4. Within this context provincial and local governments are granted a large degree of fiscal autonomy. Section 174(3) of the Interim Constitution states specifically that local government should be autonomous. Fiscal autonomy refers to the degree to which lower-tier governments can take their own decisions and determine their own priorities consistent with the expenditure, taxation and borrowing powers assigned to them. Furthermore, it refers to the freedom inherent in self-government. This does not only mean that lower-tier governments should be administratively responsible for the delivery of goods and services at the local level, but also that the decision-making powers, fiscal responsibilities and obligations to raise as much of the required revenue as possible should all be situated at the corresponding level.
  5. Fiscal autonomy fosters responsible government in so far as each level of government is answerable for its own decisions and it cannot shift the blame for incorrect decisions onto higher governmental tiers. An essential element of this is, however, a high degree of fiscal independence, otherwise the level of government providing funds will be in a position to influence decisions by manipulating the revenue flows to the lower governments. As pointed out in section 6 below, fiscal independence is best achieved by assigning revenue sources to each level of government, although this alone is seldom sufficient. Usually, these revenues need to be supplemented by the sharing of the revenue from other national taxes, or allowing lower-tier governments to add surcharges to national taxes.
  6. These revenue options reflect varying degrees of fiscal autonomy and have administrative consequences, which are discussed below. Nevertheless, the right to choose the rates applicable to surcharges and a legally enforceable right to a non-arbitrary share of the nationally collected revenue, are usually considered sufficient for a lower-tier government to be referred to as being fiscally autonomous.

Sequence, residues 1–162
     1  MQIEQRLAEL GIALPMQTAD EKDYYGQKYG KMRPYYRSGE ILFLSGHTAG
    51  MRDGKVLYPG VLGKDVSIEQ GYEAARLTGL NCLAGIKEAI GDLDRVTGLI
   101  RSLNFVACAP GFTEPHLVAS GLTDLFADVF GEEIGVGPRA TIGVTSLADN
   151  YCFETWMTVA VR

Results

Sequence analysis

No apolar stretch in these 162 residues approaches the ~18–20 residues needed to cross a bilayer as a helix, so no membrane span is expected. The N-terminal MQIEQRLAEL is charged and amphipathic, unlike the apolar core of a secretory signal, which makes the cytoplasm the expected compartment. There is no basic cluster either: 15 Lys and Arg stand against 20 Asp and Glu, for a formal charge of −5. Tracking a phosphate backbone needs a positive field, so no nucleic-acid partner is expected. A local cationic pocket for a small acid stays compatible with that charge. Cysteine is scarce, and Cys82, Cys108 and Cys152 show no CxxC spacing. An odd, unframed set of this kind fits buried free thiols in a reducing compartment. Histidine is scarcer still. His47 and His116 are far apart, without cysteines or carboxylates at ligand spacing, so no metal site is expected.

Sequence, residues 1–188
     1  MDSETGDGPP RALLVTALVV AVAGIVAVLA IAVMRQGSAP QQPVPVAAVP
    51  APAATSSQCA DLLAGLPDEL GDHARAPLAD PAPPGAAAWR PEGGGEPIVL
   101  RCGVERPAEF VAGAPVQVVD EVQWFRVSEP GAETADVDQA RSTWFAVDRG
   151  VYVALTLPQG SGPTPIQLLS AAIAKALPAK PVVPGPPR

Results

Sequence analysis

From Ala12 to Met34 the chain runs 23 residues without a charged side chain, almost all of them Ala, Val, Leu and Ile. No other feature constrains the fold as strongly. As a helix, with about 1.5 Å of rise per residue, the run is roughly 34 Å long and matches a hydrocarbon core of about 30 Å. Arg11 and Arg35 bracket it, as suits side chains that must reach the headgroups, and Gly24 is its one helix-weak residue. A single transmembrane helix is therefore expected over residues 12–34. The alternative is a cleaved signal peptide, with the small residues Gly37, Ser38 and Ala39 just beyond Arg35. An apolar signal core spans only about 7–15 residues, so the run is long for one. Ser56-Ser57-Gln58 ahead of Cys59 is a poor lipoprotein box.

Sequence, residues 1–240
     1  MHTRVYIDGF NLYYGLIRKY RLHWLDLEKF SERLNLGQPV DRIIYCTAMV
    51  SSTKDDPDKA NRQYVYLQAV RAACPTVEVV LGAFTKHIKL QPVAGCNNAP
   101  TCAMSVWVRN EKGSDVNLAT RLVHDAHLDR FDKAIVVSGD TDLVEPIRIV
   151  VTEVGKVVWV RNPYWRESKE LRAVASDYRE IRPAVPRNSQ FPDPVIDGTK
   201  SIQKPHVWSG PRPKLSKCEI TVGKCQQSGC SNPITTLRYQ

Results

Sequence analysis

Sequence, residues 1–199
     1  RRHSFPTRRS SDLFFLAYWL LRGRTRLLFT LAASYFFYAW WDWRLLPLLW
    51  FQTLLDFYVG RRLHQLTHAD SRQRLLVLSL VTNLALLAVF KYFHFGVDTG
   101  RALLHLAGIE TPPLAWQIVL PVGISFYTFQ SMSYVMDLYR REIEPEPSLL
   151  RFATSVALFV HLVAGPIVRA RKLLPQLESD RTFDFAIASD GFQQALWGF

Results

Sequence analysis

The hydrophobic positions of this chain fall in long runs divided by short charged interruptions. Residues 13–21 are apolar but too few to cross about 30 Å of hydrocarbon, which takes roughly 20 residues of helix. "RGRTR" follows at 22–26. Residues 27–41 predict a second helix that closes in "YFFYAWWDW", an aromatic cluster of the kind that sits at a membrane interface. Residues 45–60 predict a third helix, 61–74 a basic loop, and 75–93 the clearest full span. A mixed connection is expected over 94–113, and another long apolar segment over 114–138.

7. Fiscal autonomy at lower levels allows regional differentiation to be established, in theory giving citizens the opportunity of choosing a locality where the particular set of public goods provided by the local government in relation to its tax price (or tax level necessary to support the expenditures) is to their liking. Alternatively, because the ability of households to move to the areas of their choice may in reality be far less than that assumed in the theoretical models, fiscal autonomy enables lower-tier governments to choose different levels of public services, in accordance with the preferences of their residents. This process enables local communities to develop a measure of homogeneity in their demand for and supply of (semi-) public goods.
  8. Despite these potential positive aspects, high levels of fiscal autonomy may have certain disadvantages. The first is that disparities in terms of wealth and poverty between communities may be exacerbated. Allowing provinces to impose certain taxes or surcharges on individual income taxes may provide substantial fiscal autonomy to the richest provinces, but would leave the poorest ones with few fiscal resources. In addition, if the combined national tax burden cannot be increased, provincial surcharges would only be feasible if the national tax rate were reduced, which would imply a smaller pool collected nationally for sharing amongst the provinces. To counteract this potential for increasing disparities it is necessary for the national government to retain the powers of prescribing minimum standards, which the lower-tier governments are obliged to apply. This would be particularly necessary on sensitive social terrains, such as health and education. Of course, the imposition of minimum requirements must be accompanied by transfers from the national government or alternative revenue sources so as to enable poor provinces to meet those requirements. More is said about this below under the heading "equity" in section 7.